When you hit an important milestone of buying a house with another person, you’re likely feeling all the excitement and getting ready to pop open the bubbly. Although you have every right to stop and celebrate the present moment, we also urge you to be thinking about your future. Namely, your right of survivorship. What are your rights of survivorship, and how does it affect your estate planning? We explain the details that every joint homeowner should be in the know about.
What is a Right of Survivorship?
Right of survivorship is an important aspect of co-owning property, and how property interest will be transferred if one of the owners should pass away. The right of survivorship typically applies to instances of joint tenancy and community property.
Joint tenancy is a legal term that describes a piece of real estate that is owned by two or more people who are on the same deed simultaneously. For instance, a married couple could buy a home together, or two best friends could share a down payment on a house. Learn more about joint tenancy here.
Let’s go over how the right of survivorship typically works, and then we’ll discuss how it could impact your estate.
How Does the Right of Survivorship Work?
The way right of survivorship works is that if one joint owner passes away, the surviving owner (or owners) will automatically receive the share of the property that was previously owned by the deceased person. This is only if the property was purchased by two or more owners, and the right of survivorship was expressly included in the property title.
The right of survivorship continues on until the last surviving owner. By this time, they will have absorbed all shares of the property’s interest. They can do whatever they’d like to do with the property, and can bequeath it to anyone in their Will and/or Trust.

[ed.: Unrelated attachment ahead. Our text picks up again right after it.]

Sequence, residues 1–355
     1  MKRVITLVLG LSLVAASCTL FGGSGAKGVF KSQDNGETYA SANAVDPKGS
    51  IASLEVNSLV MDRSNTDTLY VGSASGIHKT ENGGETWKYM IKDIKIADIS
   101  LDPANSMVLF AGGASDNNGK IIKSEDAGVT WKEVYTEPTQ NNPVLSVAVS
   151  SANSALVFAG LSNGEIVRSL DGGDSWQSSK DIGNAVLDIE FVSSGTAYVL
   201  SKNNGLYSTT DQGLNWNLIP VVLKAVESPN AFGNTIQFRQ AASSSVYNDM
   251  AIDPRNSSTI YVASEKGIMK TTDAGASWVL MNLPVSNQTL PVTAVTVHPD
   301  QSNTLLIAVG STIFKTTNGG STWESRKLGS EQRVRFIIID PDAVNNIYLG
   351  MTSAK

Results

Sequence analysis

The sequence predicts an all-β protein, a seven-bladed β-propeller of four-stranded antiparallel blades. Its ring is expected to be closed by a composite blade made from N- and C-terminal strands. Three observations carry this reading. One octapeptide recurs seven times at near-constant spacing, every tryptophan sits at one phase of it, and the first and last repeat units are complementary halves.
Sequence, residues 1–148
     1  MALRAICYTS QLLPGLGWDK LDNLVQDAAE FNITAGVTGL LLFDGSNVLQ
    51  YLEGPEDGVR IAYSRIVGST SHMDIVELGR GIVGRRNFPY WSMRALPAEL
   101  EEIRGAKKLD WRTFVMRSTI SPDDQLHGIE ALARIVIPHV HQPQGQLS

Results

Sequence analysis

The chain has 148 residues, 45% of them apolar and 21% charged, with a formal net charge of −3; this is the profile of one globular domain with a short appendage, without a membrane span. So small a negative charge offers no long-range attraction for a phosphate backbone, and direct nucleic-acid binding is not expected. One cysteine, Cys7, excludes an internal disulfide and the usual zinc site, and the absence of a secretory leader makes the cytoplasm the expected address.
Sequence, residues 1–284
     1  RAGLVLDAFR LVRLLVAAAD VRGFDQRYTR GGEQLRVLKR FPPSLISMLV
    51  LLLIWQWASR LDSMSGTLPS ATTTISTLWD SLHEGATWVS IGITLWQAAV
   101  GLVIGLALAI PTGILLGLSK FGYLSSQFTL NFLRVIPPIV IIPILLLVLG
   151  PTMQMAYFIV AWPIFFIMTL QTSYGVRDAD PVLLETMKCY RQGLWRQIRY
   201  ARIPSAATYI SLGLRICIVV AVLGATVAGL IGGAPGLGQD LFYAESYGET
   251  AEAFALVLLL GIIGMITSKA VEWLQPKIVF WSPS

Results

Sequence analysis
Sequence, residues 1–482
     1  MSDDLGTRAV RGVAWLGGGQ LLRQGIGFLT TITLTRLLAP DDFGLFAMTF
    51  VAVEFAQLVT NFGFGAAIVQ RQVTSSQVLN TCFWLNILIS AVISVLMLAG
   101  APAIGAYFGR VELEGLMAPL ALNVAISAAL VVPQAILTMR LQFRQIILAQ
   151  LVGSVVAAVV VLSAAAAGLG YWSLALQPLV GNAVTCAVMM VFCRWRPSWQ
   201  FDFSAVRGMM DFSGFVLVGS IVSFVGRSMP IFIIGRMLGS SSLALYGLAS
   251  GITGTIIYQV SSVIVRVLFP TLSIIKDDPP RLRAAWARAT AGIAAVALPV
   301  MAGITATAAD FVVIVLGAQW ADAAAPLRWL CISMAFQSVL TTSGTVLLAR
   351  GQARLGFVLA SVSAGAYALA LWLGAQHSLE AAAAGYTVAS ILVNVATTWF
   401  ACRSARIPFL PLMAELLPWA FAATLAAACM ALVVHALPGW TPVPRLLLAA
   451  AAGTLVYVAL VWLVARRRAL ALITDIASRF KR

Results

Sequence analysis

The reason the right of survivorship was instituted was so that property ownership could be preserved by the owners of the property. It protects any remaining owners from having the property given to someone else outside of the group of owners’ without their express consent. That way, if one of the property owners passes away, the surviving owner or owners get to keep the property without any trial or tribulation.
For example, let’s say a married couple decides to buy a home together. They are both on the deed, and they have equal interest in the property with the right of survivorship. Years later, one of them passes away. The surviving spouse has peace of mind knowing that they will automatically have 100 percent interest in the property. Their late spouse’s share will not have passed to their child from a previous marriage, for instance.
Which States Have the Right of Survivorship?
In most cases, the right of survivorship is recognized in all states in the instance of joint tenancy. Each owner of the property must hold title to the property by being listed on the deed.
However, in the case of community property, each involved party has the right of survivorship, even if their name is not on the deed. The most common scenario of this is in a marriage; a surviving spouse has the right of survivorship in a community property state even if they were not included in the title of the property.
States that currently practice community property law include:
How Does This Impact Estate Taxes?
It’s important to understand the tax implications of any joint tenancy or community property scenario.
Luckily, through the right of survivorship, property interest passes automatically and directly from the deceased owner to the surviving owner or owners. Because of this, the property is not considered part of the decedent’s estate nor does it go through probate. Estate taxes will not be imposed on the surviving owners.
However, when the last surviving owner passes away, there is no one to pass the property to automatically. Because of this, the property is considered part of that last surviving owner’s estate. Their estate may be taxed at either the federal, state, or both levels if their estate exceeds the threshold for any applicable inheritance or estate taxes. Transferring the property to a Trust may be a good option to avoid having the property included as a part of an individual’s estate.